LOS ANGELES The Cedars-Sinai Regenerative Medicine Institute has opened a new Induced Pluripotent Stem Cell (iPSC) Core Facility to produce powerful cells capable of making all tissues of the body from adult human skin cells.
One of the first to open in California, cells produced by the Cedars-Sinai core will be used in research funded by the National Institutes of Health and the California Institute for Regenerative Medicine. The cells will be critical for innovative research aimed at increasing our understanding of human diseases and genetic disorders, and the quest for new treatments.
"The opening of the Cedars-Sinai Stem Cell Core Facility underscores what an exciting time this is in regenerative medicine," said Shlomo Melmed, MD, senior vice president of academic affairs and dean of the faculty at Cedars-Sinai. "It also is an example of Cedars-Sinai's deep commitment to the scientific research that will be translated into tomorrow's leading-edge treatments."
The new facility will use the latest technology to generate induced pluripotent stem cells from a patient skin scraping. The induced pluripotent stem cells can be replicated indefinitely and have biological properties similar to embryonic stem cells. These "blank slate" cells can then be turned into any kind of differentiated cell, such as a brain cell or an eye cell or a liver cell.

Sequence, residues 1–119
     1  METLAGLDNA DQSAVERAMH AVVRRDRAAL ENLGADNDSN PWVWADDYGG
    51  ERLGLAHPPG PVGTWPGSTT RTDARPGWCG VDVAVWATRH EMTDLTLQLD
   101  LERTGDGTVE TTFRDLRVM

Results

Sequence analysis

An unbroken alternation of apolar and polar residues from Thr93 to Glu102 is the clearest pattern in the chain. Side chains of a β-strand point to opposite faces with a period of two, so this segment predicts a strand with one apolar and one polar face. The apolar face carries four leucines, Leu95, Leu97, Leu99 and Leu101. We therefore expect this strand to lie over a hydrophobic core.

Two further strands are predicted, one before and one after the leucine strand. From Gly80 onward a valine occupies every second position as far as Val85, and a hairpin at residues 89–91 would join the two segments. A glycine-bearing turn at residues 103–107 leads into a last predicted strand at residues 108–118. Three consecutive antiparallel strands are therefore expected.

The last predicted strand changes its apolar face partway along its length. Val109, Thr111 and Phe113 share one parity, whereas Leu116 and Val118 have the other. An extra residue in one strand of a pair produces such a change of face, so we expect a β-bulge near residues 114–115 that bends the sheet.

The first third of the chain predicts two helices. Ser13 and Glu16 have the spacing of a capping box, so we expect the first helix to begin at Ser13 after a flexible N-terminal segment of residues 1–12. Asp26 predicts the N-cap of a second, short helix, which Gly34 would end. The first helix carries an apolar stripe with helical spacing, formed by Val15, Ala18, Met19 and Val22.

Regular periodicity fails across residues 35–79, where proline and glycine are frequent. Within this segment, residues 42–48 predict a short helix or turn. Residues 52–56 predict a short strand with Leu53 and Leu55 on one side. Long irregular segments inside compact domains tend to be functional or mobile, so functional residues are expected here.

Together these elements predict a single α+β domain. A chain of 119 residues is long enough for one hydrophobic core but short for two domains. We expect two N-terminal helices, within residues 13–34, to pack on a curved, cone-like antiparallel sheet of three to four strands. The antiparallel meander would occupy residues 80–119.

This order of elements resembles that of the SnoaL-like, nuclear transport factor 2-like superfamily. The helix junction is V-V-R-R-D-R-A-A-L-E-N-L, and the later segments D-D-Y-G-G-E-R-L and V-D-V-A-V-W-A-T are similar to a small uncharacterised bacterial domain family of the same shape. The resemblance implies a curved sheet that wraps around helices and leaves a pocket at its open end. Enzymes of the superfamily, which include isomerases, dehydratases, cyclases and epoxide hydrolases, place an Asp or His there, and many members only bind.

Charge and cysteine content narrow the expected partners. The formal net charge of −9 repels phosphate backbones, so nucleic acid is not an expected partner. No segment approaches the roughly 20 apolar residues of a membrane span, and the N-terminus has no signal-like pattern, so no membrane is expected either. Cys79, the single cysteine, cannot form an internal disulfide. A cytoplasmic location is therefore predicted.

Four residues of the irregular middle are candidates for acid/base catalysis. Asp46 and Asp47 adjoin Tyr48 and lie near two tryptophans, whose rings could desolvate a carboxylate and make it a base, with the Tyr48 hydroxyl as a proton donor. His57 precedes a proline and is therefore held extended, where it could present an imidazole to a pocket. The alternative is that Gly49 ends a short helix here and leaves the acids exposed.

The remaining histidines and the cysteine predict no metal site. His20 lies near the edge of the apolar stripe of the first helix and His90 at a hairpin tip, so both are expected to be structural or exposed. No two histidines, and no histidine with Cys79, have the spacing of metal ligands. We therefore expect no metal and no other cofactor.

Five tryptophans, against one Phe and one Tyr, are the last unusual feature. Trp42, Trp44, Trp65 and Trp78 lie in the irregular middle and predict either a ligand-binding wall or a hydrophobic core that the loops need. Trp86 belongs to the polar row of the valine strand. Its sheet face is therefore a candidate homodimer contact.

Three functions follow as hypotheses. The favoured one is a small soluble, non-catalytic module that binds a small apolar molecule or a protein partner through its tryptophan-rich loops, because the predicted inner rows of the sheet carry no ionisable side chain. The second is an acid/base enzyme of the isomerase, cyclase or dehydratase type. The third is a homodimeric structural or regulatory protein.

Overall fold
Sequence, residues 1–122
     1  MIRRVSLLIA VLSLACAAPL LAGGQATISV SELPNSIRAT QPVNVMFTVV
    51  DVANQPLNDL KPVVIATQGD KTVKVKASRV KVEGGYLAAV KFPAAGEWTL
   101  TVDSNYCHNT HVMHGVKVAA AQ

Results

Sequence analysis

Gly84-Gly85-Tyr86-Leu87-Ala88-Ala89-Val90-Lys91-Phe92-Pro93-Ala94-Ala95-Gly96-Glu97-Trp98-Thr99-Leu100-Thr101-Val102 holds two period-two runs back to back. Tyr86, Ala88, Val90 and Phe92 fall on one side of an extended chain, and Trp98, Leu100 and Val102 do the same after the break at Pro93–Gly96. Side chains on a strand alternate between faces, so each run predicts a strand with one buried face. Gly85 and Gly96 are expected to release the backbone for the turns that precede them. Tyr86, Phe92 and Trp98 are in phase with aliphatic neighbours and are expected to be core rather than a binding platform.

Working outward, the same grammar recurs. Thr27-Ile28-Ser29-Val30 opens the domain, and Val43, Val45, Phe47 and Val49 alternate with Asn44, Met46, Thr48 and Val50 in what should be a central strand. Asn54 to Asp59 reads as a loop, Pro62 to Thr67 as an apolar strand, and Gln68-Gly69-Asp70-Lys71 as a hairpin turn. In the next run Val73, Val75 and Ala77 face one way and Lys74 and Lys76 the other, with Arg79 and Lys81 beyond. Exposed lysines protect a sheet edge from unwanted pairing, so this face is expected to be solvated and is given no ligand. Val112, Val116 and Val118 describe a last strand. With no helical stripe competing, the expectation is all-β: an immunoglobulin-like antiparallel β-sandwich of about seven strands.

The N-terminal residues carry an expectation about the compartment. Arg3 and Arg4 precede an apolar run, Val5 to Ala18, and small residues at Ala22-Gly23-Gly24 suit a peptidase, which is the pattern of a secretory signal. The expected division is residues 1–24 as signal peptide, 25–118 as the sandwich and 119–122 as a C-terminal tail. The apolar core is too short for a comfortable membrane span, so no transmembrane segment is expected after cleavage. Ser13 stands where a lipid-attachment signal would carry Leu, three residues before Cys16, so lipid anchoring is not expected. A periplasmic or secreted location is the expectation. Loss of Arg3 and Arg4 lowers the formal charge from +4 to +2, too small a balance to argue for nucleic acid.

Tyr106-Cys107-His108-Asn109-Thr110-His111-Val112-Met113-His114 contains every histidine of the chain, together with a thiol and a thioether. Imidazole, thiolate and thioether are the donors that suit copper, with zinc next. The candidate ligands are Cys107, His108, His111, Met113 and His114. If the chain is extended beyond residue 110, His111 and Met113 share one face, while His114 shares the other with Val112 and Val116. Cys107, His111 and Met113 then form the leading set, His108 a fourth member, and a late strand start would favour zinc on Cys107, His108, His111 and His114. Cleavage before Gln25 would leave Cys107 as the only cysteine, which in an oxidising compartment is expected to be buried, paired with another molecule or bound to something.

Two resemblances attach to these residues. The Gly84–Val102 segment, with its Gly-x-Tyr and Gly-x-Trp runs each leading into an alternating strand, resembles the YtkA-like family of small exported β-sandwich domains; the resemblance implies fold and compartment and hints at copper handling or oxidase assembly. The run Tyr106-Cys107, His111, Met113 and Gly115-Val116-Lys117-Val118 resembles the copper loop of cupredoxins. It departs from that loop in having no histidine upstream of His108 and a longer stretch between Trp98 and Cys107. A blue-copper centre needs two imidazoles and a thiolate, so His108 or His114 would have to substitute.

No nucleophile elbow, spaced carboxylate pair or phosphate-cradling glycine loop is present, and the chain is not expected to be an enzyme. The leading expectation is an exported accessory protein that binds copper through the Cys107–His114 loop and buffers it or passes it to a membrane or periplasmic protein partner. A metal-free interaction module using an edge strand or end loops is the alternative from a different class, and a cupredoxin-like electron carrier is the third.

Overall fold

Although iPS cells were first produced only three years ago, they have quickly become valuable research tools. Clinicians can take skin cells from patients with specific life threatening diseases. Then, Regenerative Medicine Institute scientists can create iPS cells from them and then generate so-called "disease in a dish" models that enable them to more easily identify effective therapies.
"Now, for the first time, we can study human diseases by creating a laboratory specimen of afflicted cells," said Clive Svendsen, PhD, director of the Cedars-Sinai Regene
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Cedars-Sinai Medical Center